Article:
Visit to Hugh Boyd’s N Scale Layout

Hugh’s article in the Orderboard does not begin to capture the scope and significance of his layout.  Upon entering the layout room one is nearly overwhelmed by the fine bench work, the complete command and control system, the vast array of motive power and rolling stock, and, finally, the pristine cleanliness of the entire operation. Tuesday afternoon, Amy and I visited Hugh Boyd’s layout after her regular school day.  She brought her camera and took dozens of photos.

The layout features many structural details to protect the equipment and to keep visitors safe including safety nets under structures where trains run close to the edges and plastic walls strategically placed along the edges of the platforms to prevent visitors and operators from bending any of the many signal towers or knocking trains off the track.  Incidentally, the platforms are supported by metal channels and other metal structural elements to keep the equipment level and otherwise in perfect operational shape.  All support pieces are securely attached to the walls and nothing touches the floor except for the perfectly clean carpet and one or two well-placed items of furniture.  This makes everything under the table easy to get to.  Hugh’s work bench is small, portable, and mounted on casters so as to roll under the layout when not in use.  Apparently, this is all he needs to do the unimaginable amount of work that has gone into this layout.


Many of us have seen the fine control panel gracing the southwest corner of the club layout.  If anything, the many control panels on his home layout are even finer.  They have frames assembled from readily available metal frame parts.  The track plans for the panels, prepared with Atlas’s RTS 8.0 Freeware, tax the capabilities of home and commercial printers because of their generous sizes.  The momentary contact switches for the Kato turnouts actuate relays so that the routes can be indicated by LEDs with dual lighting.  Besides running the complicated block signaling system, many circuits are devoted to preventing collisions between trains.  Each track around the main line has twenty-two separate blocks grouped into a smaller number of ensembles for signaling purposes. Finally, video cameras are strategically placed to aid the operator with operations that are out of view of the control panels.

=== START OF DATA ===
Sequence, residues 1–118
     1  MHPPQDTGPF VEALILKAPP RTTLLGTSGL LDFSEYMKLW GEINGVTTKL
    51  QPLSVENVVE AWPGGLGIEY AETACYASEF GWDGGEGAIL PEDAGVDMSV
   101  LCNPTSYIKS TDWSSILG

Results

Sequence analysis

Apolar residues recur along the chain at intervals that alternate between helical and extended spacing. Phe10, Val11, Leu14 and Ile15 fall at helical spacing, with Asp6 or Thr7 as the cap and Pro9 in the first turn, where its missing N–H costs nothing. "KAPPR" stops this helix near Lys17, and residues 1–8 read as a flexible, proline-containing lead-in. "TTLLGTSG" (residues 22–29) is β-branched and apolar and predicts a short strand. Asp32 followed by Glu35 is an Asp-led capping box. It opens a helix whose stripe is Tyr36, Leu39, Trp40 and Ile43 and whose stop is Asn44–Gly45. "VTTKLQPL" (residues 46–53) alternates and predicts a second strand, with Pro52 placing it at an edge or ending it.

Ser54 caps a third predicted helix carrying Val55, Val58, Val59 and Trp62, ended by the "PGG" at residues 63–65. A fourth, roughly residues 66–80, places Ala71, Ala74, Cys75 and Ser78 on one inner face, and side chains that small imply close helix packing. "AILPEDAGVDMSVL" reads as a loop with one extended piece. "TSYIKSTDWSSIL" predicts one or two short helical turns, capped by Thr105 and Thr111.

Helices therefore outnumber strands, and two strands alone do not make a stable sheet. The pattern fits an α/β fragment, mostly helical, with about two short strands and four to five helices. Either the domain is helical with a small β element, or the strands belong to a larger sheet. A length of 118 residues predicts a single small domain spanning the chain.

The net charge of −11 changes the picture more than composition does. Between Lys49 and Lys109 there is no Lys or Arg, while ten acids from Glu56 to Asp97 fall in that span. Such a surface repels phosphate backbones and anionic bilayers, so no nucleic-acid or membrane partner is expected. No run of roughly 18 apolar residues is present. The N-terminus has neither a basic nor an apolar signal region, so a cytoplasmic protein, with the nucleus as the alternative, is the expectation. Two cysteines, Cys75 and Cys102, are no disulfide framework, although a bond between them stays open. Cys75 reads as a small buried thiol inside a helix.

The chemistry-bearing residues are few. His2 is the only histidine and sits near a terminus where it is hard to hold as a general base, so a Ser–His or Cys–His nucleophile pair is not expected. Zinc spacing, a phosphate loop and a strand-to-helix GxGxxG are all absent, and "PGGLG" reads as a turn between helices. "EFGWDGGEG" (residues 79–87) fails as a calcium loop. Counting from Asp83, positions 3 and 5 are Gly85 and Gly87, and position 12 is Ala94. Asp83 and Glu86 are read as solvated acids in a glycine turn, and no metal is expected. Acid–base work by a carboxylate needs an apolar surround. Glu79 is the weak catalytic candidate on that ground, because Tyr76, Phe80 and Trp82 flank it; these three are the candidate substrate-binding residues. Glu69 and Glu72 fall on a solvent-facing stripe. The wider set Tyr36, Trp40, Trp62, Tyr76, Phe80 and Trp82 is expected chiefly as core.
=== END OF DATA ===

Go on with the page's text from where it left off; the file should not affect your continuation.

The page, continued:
The wiring is a thing of beauty and a joy forever.  Cables run in well-directed secure bundles out of the way but accessible because there are no structural members touching the floor that block access.  Circuit elements are mounted on panels that swing on hinges into a horizontal position just under the train platforms. The connecting wires enter in just one bundle for each panel so as not to prevent the panel swinging down for free access to the elements.  It is amazingly simple to reach every part in the unlikely case that something needs to be debugged.

The trip to Hugh Boyd’s layout has been a lesson to me on the importance of layout tours to which I have devoted very little time previously.  In the future, you can expect to see me if you hold an open house.  Many more of Amy’s photos can be seen in the file which one can download and play on the free version of Microsoft’s PowerPoint Reader which you can get at

Tom and Amy Wayburn

May 27, 2010

Houston, Texas